Somerleyton Hall

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Somerleyton Hall - The garden front

Somerleyton Hall is a country house in the village of Somerleyton near Lowestoft, Suffolk, England. The hall is Grade II* listed on the National Heritage List for England, and its landscaped park and formal gardens are also Grade II* listed on the Register of Historic Parks and Gardens.[1][2]

The formal gardens cover 12 acres (4.9 ha) and form a part of a further 5,000 acres (2,000 ha) estate. They feature a yew hedge maze, one of the finest in Britain, created by William Andrews Nesfield in 1846, and a ridge and furrow greenhouse designed by Joseph Paxton, the architect of The Crystal Palace.[3] There is also a walled garden, an aviary, a loggia and a 90 metres (300 ft) long pergola covered with roses and wisteria. The more informal areas of the garden feature rhododendrons and azaleas and a fine collection of specimen trees.

The kitchen garden and the stable court to the hall are both listed Grade II*.[4][5] The ridge and furrow glasshouses north of the kitchen garden are listed Grade II.[6]

Several pieces of garden ornaments and statuary are listed at Somerleyton Hall; these include the statue of Atlanta, the group of four urns around the sundial, as well as the sundial, all are listed listed Grade II.[7][8] In the formal gardens, the four urns in the centre and the four stone troughs are both listed Grade II.[9][10]

The remains of the Winter Garden and the boundary walling to the formal gardens are listed Grade II.[11][12] The cistern at the south of the terrace to and the retaining wall to the garden front are listed Grade II.[13][14] The screen wall to entrance front of the hall is Grade II listed.[15]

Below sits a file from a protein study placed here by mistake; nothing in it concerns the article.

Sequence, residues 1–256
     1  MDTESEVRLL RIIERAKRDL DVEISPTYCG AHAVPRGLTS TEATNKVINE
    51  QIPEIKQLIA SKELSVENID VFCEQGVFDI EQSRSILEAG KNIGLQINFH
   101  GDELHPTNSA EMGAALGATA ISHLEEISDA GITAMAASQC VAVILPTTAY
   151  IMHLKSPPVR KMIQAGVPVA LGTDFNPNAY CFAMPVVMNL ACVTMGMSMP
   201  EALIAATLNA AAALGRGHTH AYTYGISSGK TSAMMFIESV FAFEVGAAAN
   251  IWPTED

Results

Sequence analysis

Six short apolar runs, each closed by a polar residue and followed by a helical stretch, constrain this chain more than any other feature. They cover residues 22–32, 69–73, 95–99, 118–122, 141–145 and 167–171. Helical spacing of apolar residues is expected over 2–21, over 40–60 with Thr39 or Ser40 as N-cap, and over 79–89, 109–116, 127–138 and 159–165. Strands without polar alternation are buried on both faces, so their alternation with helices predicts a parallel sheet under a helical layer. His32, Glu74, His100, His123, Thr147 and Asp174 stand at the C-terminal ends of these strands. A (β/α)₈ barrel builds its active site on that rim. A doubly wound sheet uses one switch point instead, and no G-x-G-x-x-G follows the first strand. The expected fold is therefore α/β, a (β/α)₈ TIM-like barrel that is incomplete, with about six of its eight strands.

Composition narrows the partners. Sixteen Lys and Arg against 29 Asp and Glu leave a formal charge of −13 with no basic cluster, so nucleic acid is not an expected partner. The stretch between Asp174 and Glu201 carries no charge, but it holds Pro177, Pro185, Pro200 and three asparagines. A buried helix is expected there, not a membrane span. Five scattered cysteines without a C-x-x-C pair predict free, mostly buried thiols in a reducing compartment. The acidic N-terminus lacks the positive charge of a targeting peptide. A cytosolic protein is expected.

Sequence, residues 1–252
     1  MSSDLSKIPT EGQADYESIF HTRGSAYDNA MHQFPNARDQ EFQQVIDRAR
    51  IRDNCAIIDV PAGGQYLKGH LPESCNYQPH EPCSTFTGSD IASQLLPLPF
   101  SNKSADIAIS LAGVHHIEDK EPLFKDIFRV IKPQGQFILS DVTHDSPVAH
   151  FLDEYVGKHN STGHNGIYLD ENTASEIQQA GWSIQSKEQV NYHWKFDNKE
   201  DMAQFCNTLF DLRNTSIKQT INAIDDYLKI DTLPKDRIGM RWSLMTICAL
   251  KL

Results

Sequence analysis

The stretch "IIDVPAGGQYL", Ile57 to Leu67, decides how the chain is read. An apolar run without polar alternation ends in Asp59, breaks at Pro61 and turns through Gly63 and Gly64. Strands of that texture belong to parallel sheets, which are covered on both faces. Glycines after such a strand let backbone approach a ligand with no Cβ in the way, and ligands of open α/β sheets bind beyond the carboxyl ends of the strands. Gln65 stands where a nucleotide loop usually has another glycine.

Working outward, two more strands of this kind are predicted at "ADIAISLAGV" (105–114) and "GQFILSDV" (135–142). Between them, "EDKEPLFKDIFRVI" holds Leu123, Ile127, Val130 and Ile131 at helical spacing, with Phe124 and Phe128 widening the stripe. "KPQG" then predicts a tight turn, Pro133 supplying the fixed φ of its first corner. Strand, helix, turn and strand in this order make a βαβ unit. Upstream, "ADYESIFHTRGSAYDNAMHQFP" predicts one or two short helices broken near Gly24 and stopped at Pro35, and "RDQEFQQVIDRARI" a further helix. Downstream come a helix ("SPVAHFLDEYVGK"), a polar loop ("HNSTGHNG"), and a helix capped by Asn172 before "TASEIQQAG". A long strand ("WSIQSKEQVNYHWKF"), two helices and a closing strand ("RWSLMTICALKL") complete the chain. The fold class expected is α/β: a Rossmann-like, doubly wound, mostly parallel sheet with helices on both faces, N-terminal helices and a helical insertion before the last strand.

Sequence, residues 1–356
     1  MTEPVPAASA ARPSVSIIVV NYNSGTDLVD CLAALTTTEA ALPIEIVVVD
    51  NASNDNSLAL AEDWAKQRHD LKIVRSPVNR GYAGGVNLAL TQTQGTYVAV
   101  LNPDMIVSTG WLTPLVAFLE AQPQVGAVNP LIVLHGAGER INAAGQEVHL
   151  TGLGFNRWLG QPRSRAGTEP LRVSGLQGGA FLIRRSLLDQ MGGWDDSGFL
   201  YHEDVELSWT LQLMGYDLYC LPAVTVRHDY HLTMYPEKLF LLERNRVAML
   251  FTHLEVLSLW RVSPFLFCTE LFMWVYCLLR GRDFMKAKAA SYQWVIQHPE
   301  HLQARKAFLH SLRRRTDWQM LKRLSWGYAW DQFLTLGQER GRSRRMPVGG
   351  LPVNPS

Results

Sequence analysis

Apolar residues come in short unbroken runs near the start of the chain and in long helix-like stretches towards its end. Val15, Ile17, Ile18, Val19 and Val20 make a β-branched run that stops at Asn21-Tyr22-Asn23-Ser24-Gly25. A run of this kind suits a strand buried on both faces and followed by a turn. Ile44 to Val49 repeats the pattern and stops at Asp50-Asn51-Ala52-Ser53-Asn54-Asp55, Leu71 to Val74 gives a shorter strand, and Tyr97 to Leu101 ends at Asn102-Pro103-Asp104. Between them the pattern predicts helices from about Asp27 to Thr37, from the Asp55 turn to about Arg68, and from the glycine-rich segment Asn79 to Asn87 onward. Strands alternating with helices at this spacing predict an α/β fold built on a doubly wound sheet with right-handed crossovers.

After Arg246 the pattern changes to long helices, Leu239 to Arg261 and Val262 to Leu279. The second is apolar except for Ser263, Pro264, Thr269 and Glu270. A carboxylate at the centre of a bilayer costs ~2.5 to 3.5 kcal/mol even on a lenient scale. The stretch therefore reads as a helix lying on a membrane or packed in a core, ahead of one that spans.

The South Lodge and the gates to Somerleyton Hall are listed Grade II.[16]

History[edit]

Somerleyton Hall entrance

In 1240 a manor house was built on the site of Somerleyton Hall by Sir Peter Fitzosbert, whose daughter married into the Jernegan family. The male line of the Fitzosberts ended, and the Jernegans held the estate until 1604.

In 1604 John Wentworth bought the estate. He transformed Somerleyton Hall into a typical East Anglian Tudor-Jacobean mansion. It then passed to the Garney family.

The next owner was Admiral Sir Thomas Allin, a native of Lowestoft. He took part in the Battle of Lowestoft (1665) and the Battle of Solebay at Southwold in 1672. Eventually the male line of that family also died out.

In 1843 Somerleyton Hall and Park were bought by the prosperous entrepreneur and MP Samuel Morton Peto. For the next seven years he carried out extensive rebuilding, creating an Anglo-Italian architecture masterpiece.[17] Paintings were specially commissioned for the house, and the gardens and grounds were completely redesigned. Peto employed Prince Albert's architect John Thomas; the clock tower houses a clock designed by Benjamin Vulliamy. Peto had garden features designed by William Andrews Nesfield and Joseph Paxton. Peto's son, Harold Peto, became a noted garden-designer, but it is not known whether he was influenced by the gardens of Somerlyton.

Somerleyton Hall in 1880. The Winter Garden (conservatory) on the left was demolished in 1914

In 1863 the Somerleyton estate was sold to Sir Francis Crossley of Halifax, West Yorkshire who, like Peto, was a philanthropist, a carpet manufacturer, and a Member of Parliament. Sir Francis' son Savile was created Baron Somerleyton in 1916.